Lineman was an occupation that was most likely unknown to the famine generation of Irish in Providence, or anyone in the city for that matter. The first linemen were the men who set the poles and strung the wires for telegraph lines beginning in the 1840’s. When the telephone made its appearance in the 1870’s, the position of lineman became a bit more common. But it was not until the telephone became cheap enough for the working-class family and when electrification of housing became common in the twentieth century that the lineman became a mainstream of American life. Fifty years after this photograph was taken, my Dad, Ray Sr., went to work for the Narragansett Electric Company and did similar work.
And until three weeks ago, I never considered writing an essay on linemen. But then I received a note and photograph from Mike McKenna, who had grown up in the same neighborhood in Providence, Mount Pleasant, in which my father grew up. Mike is my age (born in 1950) but not a relative. Rather, like Dad and me, he is a descendant of the Famine era Tyrone/Monaghan migration to Providence.
The picture that Mike sent to me is of a line crew from perhaps 1892 or 1893. In this photograph, Mike’s great grandfather, Vannes V. Bowers, is in the foreground. Vannes, a Yankee, was the foreman of the crew. Climbing on the pole is Mike’s grandfather, William Henry Bowers. Vannes was born in Massachusetts in 1852 and moved to Providence as a very young man. By age 13, he was working in the city. As a young man he variously worked as a farmer, a fireman and brakeman for the Providence and Worcester Railroad, a blacksmith’s helper and eventually a lineman for the telegraph company.
In 1874 he fell in love with and married an Irish girl, Mary Ann McCurdy. Together, they started a family. Like many working men of his time, he moved from flat to flat in the city, depending on rent. By 1879, he was working as a lineman for the telegraph company. He continued this work as the company evolved into the telephone company, eventually becoming foreman. Mike McKenna was told as a young man that Vannes was the superintendent for Narragansett Electric when they put electricity in South County. Vannes died in 1906.
In the 1890’s, being a lineman was a treacherous occupation. Electicutions were not uncommon. It was this danger that led to the creation of the Electrical Wiremen and Linemen’s Union, No. 5221, in St. Louis in 1890. The following year, the National Brotherhood of Electrical Workers became one of the early national trade unions. Line work remained dangerous into the 1930’s and has really never become entirely safe.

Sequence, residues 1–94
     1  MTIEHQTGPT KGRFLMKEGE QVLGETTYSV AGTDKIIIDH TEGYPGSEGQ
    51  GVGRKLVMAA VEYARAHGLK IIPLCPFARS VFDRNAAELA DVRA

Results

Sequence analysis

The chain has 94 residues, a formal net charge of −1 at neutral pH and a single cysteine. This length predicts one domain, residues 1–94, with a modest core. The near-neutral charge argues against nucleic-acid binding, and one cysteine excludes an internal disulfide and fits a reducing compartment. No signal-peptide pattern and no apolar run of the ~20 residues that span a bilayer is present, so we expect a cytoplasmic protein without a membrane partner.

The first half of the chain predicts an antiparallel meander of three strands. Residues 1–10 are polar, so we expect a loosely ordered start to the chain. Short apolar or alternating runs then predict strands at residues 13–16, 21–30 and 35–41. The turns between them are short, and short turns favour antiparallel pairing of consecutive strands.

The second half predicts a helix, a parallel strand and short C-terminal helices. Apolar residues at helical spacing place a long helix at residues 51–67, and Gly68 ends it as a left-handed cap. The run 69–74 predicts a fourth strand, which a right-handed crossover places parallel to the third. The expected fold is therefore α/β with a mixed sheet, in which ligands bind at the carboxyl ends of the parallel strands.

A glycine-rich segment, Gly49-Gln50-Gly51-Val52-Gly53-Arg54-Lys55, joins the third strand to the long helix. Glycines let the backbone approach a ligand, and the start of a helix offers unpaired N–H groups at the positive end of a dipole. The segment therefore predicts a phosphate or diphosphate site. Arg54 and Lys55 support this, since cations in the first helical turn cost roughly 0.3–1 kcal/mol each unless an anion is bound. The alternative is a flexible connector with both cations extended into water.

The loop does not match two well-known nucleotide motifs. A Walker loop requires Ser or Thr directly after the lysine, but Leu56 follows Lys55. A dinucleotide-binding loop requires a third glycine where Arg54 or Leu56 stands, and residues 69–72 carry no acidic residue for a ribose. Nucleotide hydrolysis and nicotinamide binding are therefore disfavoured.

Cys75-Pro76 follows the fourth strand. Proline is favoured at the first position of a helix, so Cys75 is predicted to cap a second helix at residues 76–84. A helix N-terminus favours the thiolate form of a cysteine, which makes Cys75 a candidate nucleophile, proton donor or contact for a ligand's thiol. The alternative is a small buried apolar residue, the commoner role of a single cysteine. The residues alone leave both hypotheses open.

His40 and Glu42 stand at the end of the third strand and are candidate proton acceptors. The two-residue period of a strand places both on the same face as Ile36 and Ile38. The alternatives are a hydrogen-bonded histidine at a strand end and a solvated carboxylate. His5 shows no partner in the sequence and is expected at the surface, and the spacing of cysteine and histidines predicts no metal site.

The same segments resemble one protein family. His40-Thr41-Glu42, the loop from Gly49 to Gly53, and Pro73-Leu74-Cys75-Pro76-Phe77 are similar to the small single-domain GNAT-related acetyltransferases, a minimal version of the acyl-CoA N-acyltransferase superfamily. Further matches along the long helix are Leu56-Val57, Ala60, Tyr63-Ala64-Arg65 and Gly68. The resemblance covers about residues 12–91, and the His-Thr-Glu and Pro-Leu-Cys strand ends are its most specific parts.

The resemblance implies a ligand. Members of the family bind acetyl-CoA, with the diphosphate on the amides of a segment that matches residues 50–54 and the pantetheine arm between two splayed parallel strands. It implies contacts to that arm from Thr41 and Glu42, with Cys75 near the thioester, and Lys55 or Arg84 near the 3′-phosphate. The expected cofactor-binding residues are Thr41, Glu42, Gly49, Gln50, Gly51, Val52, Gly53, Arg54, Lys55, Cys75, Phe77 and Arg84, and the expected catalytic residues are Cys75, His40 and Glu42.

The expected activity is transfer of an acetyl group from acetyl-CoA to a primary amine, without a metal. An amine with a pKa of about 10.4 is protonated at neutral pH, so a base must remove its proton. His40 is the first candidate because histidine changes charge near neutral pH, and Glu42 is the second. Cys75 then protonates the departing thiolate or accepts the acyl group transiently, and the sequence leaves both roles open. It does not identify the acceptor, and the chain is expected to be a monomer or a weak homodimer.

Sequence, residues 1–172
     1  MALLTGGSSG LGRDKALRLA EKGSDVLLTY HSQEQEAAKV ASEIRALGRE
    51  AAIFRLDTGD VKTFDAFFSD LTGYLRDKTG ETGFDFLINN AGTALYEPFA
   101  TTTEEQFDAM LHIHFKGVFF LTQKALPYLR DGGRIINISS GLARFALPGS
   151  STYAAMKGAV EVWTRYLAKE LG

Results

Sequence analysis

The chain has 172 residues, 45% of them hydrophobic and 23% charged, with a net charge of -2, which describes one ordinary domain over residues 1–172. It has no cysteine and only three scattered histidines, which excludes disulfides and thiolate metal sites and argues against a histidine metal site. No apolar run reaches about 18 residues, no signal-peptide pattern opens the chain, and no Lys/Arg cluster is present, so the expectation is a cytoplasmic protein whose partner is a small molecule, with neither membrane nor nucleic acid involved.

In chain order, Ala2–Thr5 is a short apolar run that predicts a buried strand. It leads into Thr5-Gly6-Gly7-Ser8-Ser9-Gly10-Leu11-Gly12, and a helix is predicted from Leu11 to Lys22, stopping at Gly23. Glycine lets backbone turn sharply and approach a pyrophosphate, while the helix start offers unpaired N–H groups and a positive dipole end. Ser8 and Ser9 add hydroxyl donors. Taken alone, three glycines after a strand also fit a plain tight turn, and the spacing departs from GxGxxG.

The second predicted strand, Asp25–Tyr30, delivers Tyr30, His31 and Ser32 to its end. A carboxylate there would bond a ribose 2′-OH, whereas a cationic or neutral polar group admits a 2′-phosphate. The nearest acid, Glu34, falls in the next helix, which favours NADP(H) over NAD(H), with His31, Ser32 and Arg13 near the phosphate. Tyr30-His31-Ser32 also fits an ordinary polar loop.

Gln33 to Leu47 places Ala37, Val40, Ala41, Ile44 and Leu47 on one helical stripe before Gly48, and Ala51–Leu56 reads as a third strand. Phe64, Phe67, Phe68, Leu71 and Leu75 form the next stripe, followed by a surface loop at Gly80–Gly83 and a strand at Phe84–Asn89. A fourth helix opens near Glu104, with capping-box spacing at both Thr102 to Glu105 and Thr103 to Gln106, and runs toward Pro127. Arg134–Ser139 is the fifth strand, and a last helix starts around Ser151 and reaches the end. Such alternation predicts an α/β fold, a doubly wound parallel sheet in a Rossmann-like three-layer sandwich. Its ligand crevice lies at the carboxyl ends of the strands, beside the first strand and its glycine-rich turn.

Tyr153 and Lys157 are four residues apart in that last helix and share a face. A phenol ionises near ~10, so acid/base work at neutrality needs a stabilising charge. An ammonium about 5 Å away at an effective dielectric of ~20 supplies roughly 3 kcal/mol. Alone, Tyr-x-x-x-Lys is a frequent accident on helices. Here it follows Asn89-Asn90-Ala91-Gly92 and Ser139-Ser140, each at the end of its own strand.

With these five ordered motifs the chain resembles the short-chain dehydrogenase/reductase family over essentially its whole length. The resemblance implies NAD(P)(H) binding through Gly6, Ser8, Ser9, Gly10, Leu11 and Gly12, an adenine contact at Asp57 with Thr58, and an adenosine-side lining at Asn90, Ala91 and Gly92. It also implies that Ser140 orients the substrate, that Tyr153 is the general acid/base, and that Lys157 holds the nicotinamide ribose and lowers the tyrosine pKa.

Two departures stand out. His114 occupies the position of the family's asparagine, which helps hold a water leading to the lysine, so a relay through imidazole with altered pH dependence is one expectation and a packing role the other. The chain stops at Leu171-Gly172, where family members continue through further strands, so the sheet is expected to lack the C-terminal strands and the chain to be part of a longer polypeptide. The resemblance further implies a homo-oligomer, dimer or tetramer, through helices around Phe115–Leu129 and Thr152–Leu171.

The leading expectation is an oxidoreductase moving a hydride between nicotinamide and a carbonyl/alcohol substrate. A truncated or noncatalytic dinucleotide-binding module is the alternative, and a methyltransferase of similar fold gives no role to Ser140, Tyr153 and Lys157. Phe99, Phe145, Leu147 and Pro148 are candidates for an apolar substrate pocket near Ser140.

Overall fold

A half a century later, after graduating from Mount Pleasant High School at the age of seventeen in 1940, my Dad took his father Bill’s advice and joined the Narragansett Electric Company. His father told him that if he joined the company and the union he would always have a job and would thus be able to provide for his family. This advise came from a man who grew up poor and had a good job as a truck driver until he was struck down by a stroke in 1931. Bill McKenna was never able to fully work after that. He wanted more security for Dad.
Dad worked for the Narragansett Electric Company until retiring at age sixty-five in 1988. And he did provide very well for his family.
The picture above fascinates me. Pictures of workers from the period are rare. Along with William Henry Bowers, there were no doubt other Irish-Americas working for the telegraph and telephone companies. It was dangerous, and perhaps that is why the job was open to immigrants. Ed McCaffrey, Frank McDonald, John McMahon and James McNeal were all working in Providence as linemen at the time this photo was taken. The photo is an illustration of the work that my Dad, Ray McKenna Sr., did for the Narragansett Electric Company, beginning in 1939 and then after he returned from the war.
Here is my Dad (center) in the early 1950’s with some of his co-workers. He was the one called out in the middle of the night when people lost power. I still can remember my mother carrying me over to a neighbor’s house in sideways rain and frightening wind during Hurricane Carol in 1954. I was just four years old and was sick. The neighbor was a nurse and thus our trip. With us was my sister, Barbara. Meanwhile, Dad was working close to twenty hour shifts. We didn’t see Dad until a few days later.